Small Talk Tag: Dollhouse

Annie Horatia’s Dollhouse Details

Annie Horatia Jones

While toy furniture could be purchased, little girls like Annie Horatia Jones also enjoyed adding some DIY charm to their dollhouses with a touch of imagination and a pinch of sewing skills. Annie’s finesse with a needle is undeniable in the geometric rugs she made for her rooms. And we love the decoupage paper on the red nursery walls!

Although there are no doors from the hallway to the rooms, that didn’t stop Annie from getting a baby walker, a bed (affectionately coined the “broken heart bed” by T/m staff), a sewing basket, and a water cistern into her house’s rooms.

Annie Horatia’s Dollhouse History

Annie Horatia Jones

In the 19th century, affluent parents commissioned dollhouses for their daughters (I mean, they couldn’t exactly go to the closest Toys ‘R Us). This circa 1860 dollhouse was the centerpiece of the privileged childhood of Annie Horatia Jones (1876-1969). Annie was the daughter of Sir Horace Jones, a notable 19th century English architect who served as architect and surveyor for the city of London (he is responsible for the design of the iconic Tower Bridge).

Think Annie’s dollhouse resembles a piece of furniture in your home? If you said a cabinet or bookcase, you would be correct! Part of this stately cabinet-style dollhouse originally belonged to Annie’s mother, Lady Ann Jones. When it was Annie’s turn to learn adult roles through play, an additional wing and wheeled base were added to the dollhouse (see the line between old and new to the left of the center of the house). Stay tuned to learn how Annie added her own personal touches.

A Home for the Holidays

Custom made dollhouse

Forgoing the mall or busy big box stores to find the perfect Christmas gift can save your sanity during the holidays—especially if you’re crafty enough to make a custom, handmade gift. For three lucky Kansas City girls in 1971, a gift from their father was a dream come true: Thomas Baker constructed a dollhouse version of the family’s home in the city’s historic Ward Parkway neighborhood.

Baker’s replica of the 1928 Tudor Revival-style home aligns with the Victorian tradition of building personalized dollhouses. The exterior features painted brick and half-timber details along with the signature pointed gables. The inside of the dollhouse is a 1970s time capsule with bright (and rather groovy) wallpaper, and half walls to allow for easy access to the rooms. Above the hallway’s staircase on the second floor is a photograph of the three Baker sisters with a heart-melting note that reads, “To Janice, Jennifer and Julie, with love from your daddy.”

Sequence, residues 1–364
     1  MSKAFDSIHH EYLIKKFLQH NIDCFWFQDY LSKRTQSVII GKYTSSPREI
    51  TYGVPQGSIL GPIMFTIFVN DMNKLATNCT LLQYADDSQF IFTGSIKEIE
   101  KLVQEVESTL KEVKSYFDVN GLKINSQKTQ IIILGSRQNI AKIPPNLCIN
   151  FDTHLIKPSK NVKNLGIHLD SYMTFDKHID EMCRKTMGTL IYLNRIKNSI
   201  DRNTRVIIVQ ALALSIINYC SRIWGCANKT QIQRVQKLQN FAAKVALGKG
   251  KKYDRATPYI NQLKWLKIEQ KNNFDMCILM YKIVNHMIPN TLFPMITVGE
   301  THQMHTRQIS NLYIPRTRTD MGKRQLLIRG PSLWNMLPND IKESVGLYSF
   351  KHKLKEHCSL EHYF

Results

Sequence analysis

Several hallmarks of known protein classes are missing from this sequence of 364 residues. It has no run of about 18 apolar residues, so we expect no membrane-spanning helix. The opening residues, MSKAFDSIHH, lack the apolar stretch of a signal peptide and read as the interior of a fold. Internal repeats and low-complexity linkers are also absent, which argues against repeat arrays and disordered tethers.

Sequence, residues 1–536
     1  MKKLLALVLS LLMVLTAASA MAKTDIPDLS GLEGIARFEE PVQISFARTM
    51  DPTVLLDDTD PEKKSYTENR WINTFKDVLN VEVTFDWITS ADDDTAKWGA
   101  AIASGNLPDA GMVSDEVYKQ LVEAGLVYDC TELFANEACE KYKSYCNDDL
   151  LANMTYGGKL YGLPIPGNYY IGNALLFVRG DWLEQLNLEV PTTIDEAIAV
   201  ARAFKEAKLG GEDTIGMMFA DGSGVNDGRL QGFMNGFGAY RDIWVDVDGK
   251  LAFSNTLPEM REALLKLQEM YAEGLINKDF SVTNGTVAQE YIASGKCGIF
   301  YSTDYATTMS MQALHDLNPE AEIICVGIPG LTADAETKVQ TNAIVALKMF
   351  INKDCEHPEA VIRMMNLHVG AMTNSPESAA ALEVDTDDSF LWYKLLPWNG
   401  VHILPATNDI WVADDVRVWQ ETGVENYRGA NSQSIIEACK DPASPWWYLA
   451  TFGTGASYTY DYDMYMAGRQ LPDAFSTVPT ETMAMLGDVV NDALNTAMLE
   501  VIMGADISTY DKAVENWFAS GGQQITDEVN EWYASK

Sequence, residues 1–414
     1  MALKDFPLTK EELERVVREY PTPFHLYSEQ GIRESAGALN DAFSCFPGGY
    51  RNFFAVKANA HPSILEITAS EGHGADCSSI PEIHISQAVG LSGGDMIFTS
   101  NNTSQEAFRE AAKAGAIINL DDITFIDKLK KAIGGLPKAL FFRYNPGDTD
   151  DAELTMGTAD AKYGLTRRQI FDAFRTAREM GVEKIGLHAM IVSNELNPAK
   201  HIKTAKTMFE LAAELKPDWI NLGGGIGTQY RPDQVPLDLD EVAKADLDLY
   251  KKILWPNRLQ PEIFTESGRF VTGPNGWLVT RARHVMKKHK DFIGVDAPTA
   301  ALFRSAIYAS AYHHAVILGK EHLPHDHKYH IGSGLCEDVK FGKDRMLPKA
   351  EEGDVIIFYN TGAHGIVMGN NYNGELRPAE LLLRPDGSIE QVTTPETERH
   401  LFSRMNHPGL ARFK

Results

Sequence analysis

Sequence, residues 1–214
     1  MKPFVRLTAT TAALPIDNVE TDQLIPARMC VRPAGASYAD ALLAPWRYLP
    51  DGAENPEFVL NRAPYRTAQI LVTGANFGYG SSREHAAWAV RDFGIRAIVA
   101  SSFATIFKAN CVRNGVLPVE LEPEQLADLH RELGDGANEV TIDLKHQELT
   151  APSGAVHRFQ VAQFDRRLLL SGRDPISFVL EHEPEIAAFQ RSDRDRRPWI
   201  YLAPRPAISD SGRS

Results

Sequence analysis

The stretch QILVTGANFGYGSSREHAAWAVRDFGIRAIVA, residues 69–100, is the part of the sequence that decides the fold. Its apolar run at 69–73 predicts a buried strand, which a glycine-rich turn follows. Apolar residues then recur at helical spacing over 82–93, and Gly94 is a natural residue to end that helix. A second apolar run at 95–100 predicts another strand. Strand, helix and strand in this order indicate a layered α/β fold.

Dollhouse Therapy

Dollhouses for Kids Battling Cancer

What started as a hobby, became a cause and grew into a movement. In 2006, a woman named Ann made her first dollhouse. Having enjoyed making it, but having no real purpose for it, she sold it at a loss. Her daughter, who was working with children undergoing chemo at the nearby hospital, suggested that next time she donate it to the hospital.

In no time, Dollhouses For Kids Battling Cancer was born. As of 2014, Ann had made and donated more than 336 dollhouses to children in 21 states, and even Canada! Several businesses have partnered with Ann to provide her with supplies, including The Magical Dollhouse.

But Ann couldn’t get the dollhouses to the kids without the help of her “Dollhouse Delivery Angels.” She has 105 angels in 37 states that help transport the dollhouses from Ann’s home in New York across the country. Each angel drives an average of 489 miles to deliver dollhouses. We think they’re all angels; check out Ann’s Facebook page to see how you can join their ranks!
Photo: Courtesy of Dollhouses For Kids Battling Cancer.

Cheers! Prost!

german wedding toasting cup

From Oktoberfest celebrations to biergartens, Germans definitely know how to drink in style. This uniquely designed figural toasting cup is rooted in the rich cultural and folk traditions of the country. The origins of the design come from a folk tale in which the daughter of a nobleman fell in love with a commoner who was a goldsmith. The wealthy nobleman locked the goldsmith away, but eventually agreed to let him marry his daughter if he could make a chalice from which two people can drink at the same time without spilling one single drop. Of course the goldsmith created this hinged cup to make the feat possible, and the rest was history. How’s that for German engineering!

Although not a fine-scale miniature, this cup is much smaller than life-sized, and resides in the Josephine Bird Dollhouse along with many of Josephine’s European souvenirs and artistic furnishings. We like to imagine that two of Josephine’s dolls had a very fancy wedding ceremony and enacted the traditional “Who Runs the Nest” toast using this cup.

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